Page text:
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Underage drinking curb reintroduced in Congress

WASHINGTON (BP)–Legislation designed to prevent underage drinking has been reintroduced in Congress.

The Sober Truth on Preventing (STOP) Underage Drinking Act would authorize a coordinated attempt to reduce alcohol consumption by minors. The effort would include cooperation among federal agencies, increased prevention activities in states and communities, a public service media campaign and more research.

“Too many American kids are drinking regularly, and they are drinking in quantities that can be of great, long-term harm,” said Sen. Mike DeWine, R.-Ohio, in a floor statement while introducing the bill Feb. 16. “As a nation, we clearly haven’t done enough to address this problem. We haven’t done enough to acknowledge how prevalent and widespread teenage drinking is in this country. We haven’t done enough to let parents know that they, too, are a part of this problem and can be a part of the solution.”

DeWine is chief sponsor of the Senate bill, S. 408. Rep. Lucille Roybal-Allard, D.-Calif, is lead sponsor of the House of Representatives version, H.R. 864. DeWine and Roybal-Allard sponsored similar legislation in the last Congress.

The Southern Baptist Ethics & Religious Liberty Commission has endorsed the legislation.

The problem and its effects are illustrated in statistics provided by the Center for Science in the Public Interest:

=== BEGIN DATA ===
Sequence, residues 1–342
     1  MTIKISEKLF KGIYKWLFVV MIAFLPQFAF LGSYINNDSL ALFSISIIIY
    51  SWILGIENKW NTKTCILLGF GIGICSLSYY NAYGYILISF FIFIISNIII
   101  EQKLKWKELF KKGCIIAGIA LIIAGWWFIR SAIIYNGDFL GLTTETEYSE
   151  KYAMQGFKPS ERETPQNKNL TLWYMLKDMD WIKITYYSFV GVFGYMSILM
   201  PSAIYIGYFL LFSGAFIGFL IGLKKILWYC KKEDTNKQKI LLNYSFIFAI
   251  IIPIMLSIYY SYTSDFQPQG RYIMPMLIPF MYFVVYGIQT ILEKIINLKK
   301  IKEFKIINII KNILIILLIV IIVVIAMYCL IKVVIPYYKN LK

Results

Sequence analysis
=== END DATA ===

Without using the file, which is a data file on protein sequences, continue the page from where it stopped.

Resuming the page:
— Underage people drink 19.7 percent of all alcohol consumed in the United States.

— The binge drinking rate for underage people grew by 56 percent from 1993 to 2001. Binge drinking is defined as consuming at least five drinks in a sitting during the previous month.

— Between 2002 and 2003, 56.7 percent of high school seniors said they drank beer and 58.6 percent of 12th-graders reported drinking liquor.

— The number of sixth-, seventh- and eighth-graders who drank alcohol increased from 34 percent in 2001-02 to 37 percent in 2002-03.

— Alcohol is an important factor in the top four cases of death among 10- to 24-year-olds: Automobile crashes; accidental injuries; murder; and suicide.

The STOP legislation would: (1) Appropriate $2 million yearly for a committee to coordinate efforts among federal agencies to prevent underage drinking and to report to Congress annually; (2) provide $1 million a year for a media campaign targeting adults; (3) fund at $10 million new programs in states and communities, as well as at colleges, and (4) grant $6 million for increased research.

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